How Does Anesthesia Disturb Self-Perception?
An Inserm research team in Toulouse, led by Dr Stein Silva (Inserm Unit 825 “Brain imaging and neurological handicaps”), working with the “Modelling tissue and nociceptive stress” Host Team (MATN IFR 150), were interested in studying the illusions described by many patients under regional anaesthetic. In their work, to be published in the journal Anesthesiology, the researchers demonstrated that anaesthetising an arm affects brain activity and rapidly impairs body perception.
The ultimate aim of the work is to understand how neuronal circuits are reorganised at this exact moment in time and to take advantage of anaesthesia to reconfigure them correctly following trauma. This would allow anaesthetic techniques to be used in the future to treat pain described by amputated patients in what are known as “phantom limbs”.
Neuroscience research in recent years has shown that the brain is a dynamic structure. Phenomena such as learning, memorising or recovery from stroke are made possible by the brain’s plastic properties. Brain plasticity does not, however, always have a beneficial effect.
For example, some amputated patients suffering from chronic pain (known as phantom limb pain) feel as though their missing limb were “still there”. Such “phantom limb” illusions are related to the appearance in the brain of incorrect representations of the missing body part.
Persons under regional anaesthetic describe these very same false images.
Based on these observations, Inserm’s researchers wished to discover whether anaesthesia could, in addition to fulfilling its primary function, induce comparable phenomena in the brain. If this were so, anaesthetics could be used as new therapeutic tools capable of modulating brain activity.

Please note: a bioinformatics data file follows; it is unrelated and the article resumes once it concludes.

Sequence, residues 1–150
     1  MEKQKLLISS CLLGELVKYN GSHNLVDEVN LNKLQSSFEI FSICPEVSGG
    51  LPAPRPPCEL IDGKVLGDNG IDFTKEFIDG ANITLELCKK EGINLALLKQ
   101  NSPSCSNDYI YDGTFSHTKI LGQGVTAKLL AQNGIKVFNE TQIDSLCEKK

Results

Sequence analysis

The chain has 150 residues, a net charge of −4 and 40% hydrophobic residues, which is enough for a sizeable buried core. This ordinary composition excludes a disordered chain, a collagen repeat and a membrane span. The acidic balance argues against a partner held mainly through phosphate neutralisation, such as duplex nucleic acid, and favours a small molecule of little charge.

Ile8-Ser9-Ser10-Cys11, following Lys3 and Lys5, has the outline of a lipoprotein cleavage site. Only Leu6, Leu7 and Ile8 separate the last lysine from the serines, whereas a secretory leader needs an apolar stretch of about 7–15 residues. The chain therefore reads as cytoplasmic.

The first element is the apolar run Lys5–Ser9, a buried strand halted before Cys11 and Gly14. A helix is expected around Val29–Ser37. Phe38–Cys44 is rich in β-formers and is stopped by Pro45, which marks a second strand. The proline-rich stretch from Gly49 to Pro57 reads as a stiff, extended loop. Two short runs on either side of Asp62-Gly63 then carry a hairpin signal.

With this in mind, a team headed by Dr Stein Silva monitored 20 patients who were to have one of their arms anaesthetised before surgery. The patients were shown 3D images of the hand, shot from different angles, and their ability to distinguish the right hand from the left was assessed. Results showed how anaesthesia affected the patients’ ability to perceive their body correctly.
The researchers observed three phenomena based on these tests:
* All the patients described false sensations in their arm (swelling, difference in size and shape, imagined posture).
* In general, patients under anaesthetic took longer to distinguish between a left and right hand and made far more mistakes than persons not under anaesthetic.
* The best results were obtained when the anaesthetised limb was visible.
In other words, anaesthetising the hand (peripheral deafferentation ) modifies brain activity and rapidly changes the way we perceive the outside world and our own body. The teams are now using functional brain imaging to characterise the regions concerned in the brain. They also hope that it will be possible to use anaesthesia for therapeutic purposes in the future by modulating post-lesional plasticity (chronic pain in amputated patients, improved recovery in those suffering from brain lesions).
Inserm researcher Stein Silva, an anaesthetist and the chief author of the study, believes that it will no doubt be necessary to develop new anaesthetic techniques to inhibit or directly stimulate the brain images associated with painful phenomena.
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